If Jefferson Airplane singer Grace Slick had her way in 1970, Richard Nixon might have been called Trippy Dick.

The 37th president of the United States never saw eye to eye with the American counterculture, of course. His administration was peppered with protests, principally against the escalation of the Vietnam War. And Slick's plan was, in its own way, an attempt to heal that rift. She figured, if Nixon were to drop some high-grade LSD, he might just see the world a little differently. Then, perhaps, he would rethink his stance on, well, everything.

She had the perfect opportunity, too. Slick received an invitation to the White House from Nixon's daughter Tricia in April 1970. As fate would have it, both Tricia Nixon and Slick were alumni of Finch College, though 10 years apart. Tricia was planning a social event for alumni, and on that list was Slick – under her maiden name Grace Wing.

At first, no one in the Nixon administration made the connection. Slick accepted the invite, and decided to bring a friend along to the party. That friend? Notorious radical Abbie Hoffman.

"I got the invitation in the mail and went, 'Oh yes!'," she recalled in Jeff Tamakin's Got a Revolution: The Turbulent Flight of Jefferson Airplane. "I assumed that they were bringing their husbands, so I thought, 'I'll dress up Abbie.' But there's no way to dress up Abbie. We put a suit on him and put his hair back and he looked like a mafia guy. I had on the boots and the miniskirt, and all these other women were dressed the way preppy women dressed – with the camel's hair coat and the gold pins and a pageboy hairdo. So, we stood out right away and the security guards came right over and said, 'Sorry, this is invitation only.' I said, 'Well, I have an invitation!'"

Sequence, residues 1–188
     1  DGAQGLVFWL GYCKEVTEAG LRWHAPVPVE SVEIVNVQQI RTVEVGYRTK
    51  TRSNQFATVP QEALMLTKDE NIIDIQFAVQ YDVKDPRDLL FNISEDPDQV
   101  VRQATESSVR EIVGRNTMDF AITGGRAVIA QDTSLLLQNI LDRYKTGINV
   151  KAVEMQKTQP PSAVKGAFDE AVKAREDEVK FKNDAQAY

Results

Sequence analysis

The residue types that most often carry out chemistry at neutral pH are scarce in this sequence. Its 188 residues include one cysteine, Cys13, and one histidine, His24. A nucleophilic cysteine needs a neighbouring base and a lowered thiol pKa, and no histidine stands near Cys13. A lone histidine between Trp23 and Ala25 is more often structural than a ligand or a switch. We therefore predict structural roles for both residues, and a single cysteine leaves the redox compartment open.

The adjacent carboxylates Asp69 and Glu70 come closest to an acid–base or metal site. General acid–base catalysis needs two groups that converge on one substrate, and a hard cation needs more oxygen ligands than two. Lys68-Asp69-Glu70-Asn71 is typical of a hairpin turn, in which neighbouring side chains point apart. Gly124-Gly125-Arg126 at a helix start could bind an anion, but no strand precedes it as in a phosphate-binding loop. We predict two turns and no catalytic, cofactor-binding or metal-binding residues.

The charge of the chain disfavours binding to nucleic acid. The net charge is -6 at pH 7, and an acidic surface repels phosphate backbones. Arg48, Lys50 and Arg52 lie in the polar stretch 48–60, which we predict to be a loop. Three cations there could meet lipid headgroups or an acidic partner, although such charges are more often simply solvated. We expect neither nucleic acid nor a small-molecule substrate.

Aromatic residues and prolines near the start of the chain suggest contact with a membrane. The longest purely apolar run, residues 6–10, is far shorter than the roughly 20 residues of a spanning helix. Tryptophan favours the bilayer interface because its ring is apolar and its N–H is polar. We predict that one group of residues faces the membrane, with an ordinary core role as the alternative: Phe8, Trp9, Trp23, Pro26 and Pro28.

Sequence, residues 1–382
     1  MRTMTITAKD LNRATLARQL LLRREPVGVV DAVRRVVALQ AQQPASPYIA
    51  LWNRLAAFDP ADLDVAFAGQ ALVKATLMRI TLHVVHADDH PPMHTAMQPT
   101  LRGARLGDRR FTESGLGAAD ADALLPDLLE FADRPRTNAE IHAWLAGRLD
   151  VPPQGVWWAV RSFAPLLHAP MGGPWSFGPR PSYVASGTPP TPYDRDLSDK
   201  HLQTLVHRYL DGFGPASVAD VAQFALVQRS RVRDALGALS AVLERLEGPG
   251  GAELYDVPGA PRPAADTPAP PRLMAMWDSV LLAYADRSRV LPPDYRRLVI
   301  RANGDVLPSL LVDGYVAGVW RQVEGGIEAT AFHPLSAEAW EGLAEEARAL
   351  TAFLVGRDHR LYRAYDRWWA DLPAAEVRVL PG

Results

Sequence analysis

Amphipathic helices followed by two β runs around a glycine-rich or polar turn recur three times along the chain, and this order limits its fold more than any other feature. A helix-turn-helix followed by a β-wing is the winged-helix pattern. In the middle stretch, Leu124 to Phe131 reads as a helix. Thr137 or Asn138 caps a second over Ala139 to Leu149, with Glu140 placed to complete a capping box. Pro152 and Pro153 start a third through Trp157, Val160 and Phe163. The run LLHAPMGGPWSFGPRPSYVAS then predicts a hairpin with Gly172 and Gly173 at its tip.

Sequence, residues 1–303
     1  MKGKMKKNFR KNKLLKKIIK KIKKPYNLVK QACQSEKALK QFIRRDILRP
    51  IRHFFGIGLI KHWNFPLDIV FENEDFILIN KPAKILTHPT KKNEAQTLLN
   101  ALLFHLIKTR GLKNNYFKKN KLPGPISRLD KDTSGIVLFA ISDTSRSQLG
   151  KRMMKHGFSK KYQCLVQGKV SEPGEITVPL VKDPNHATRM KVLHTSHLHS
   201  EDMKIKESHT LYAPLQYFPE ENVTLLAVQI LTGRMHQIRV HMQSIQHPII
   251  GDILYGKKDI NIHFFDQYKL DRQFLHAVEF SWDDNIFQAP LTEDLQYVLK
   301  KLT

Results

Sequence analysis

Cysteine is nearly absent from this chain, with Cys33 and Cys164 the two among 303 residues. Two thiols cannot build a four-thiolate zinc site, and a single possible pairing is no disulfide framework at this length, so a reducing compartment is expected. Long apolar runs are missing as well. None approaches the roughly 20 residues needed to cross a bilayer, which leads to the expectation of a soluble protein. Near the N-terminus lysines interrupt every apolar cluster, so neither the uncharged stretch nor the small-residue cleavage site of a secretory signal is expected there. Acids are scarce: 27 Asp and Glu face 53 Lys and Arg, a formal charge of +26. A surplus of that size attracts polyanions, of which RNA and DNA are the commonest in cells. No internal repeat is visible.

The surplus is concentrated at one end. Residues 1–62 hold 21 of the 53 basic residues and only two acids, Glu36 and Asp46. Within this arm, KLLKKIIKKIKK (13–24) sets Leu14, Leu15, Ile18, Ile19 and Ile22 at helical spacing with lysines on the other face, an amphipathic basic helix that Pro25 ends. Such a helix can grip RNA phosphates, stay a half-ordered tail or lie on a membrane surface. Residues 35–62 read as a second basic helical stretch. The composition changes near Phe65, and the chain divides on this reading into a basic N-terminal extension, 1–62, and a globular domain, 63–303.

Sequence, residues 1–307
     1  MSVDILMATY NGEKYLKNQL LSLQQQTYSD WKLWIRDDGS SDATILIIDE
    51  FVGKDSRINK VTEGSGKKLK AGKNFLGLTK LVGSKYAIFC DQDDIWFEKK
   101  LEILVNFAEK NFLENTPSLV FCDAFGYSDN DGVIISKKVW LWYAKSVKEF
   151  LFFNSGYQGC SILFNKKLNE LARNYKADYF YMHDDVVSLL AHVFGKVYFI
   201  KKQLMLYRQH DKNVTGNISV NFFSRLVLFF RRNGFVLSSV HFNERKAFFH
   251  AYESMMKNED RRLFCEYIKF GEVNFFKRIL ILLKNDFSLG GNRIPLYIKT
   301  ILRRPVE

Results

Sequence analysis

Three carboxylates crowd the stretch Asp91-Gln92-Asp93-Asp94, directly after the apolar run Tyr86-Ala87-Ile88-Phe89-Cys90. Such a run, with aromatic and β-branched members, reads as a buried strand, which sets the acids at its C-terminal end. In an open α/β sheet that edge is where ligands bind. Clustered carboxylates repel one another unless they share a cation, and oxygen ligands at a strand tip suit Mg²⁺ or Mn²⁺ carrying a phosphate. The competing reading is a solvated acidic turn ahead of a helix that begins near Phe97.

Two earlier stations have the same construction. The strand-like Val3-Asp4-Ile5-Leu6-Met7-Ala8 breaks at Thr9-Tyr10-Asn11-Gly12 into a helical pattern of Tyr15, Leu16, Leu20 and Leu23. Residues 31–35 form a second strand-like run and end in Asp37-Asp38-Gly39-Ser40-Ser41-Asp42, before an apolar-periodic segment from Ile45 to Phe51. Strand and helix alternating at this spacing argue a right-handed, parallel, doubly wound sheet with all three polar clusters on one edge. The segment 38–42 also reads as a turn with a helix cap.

Watch Jefferson Airplane Perform 'Mexico'

Slick's plan, now in serious jeopardy, was to casually slip the acid into the president's afternoon tea. The timing, actually, couldn't have been better: Jefferson Airplane's new single "Mexico" was an angry tirade against the administration's anti-drug policy.

"I'd be talking with Richard Nixon, and have the LSD in my fingernail, and just gesture over his tea cup," she told CBS News in 2013. "He would have been talking about the walls melting. We laughed just thinking about it." When asked if she was serious, Slick replied, "Yeah, I was!"

Slick and Hoffman, however, were the poster children for everything anti-Nixon. It didn't take long for White House security to sniff them out. A guard promptly informed Slick that she couldn't come in. "He was right," Slick adds. "He didn't know why, but he was right."

As it happened, her plan to turn on Nixon would have fallen flat, anyway. The president wasn't planning to attend his daughter's alumni event.

Years later, Slick couldn't help but wonder what might have happened, though. "LSD was new then," she told the Wall Street Journal in 2011. "It opened up our heads and gave us new insight into the fact that reality isn't just one thing. That excited us, but it's also terrifying if your head isn't in the right place. So in hindsight, our advocating for LSD was kind of dangerous."

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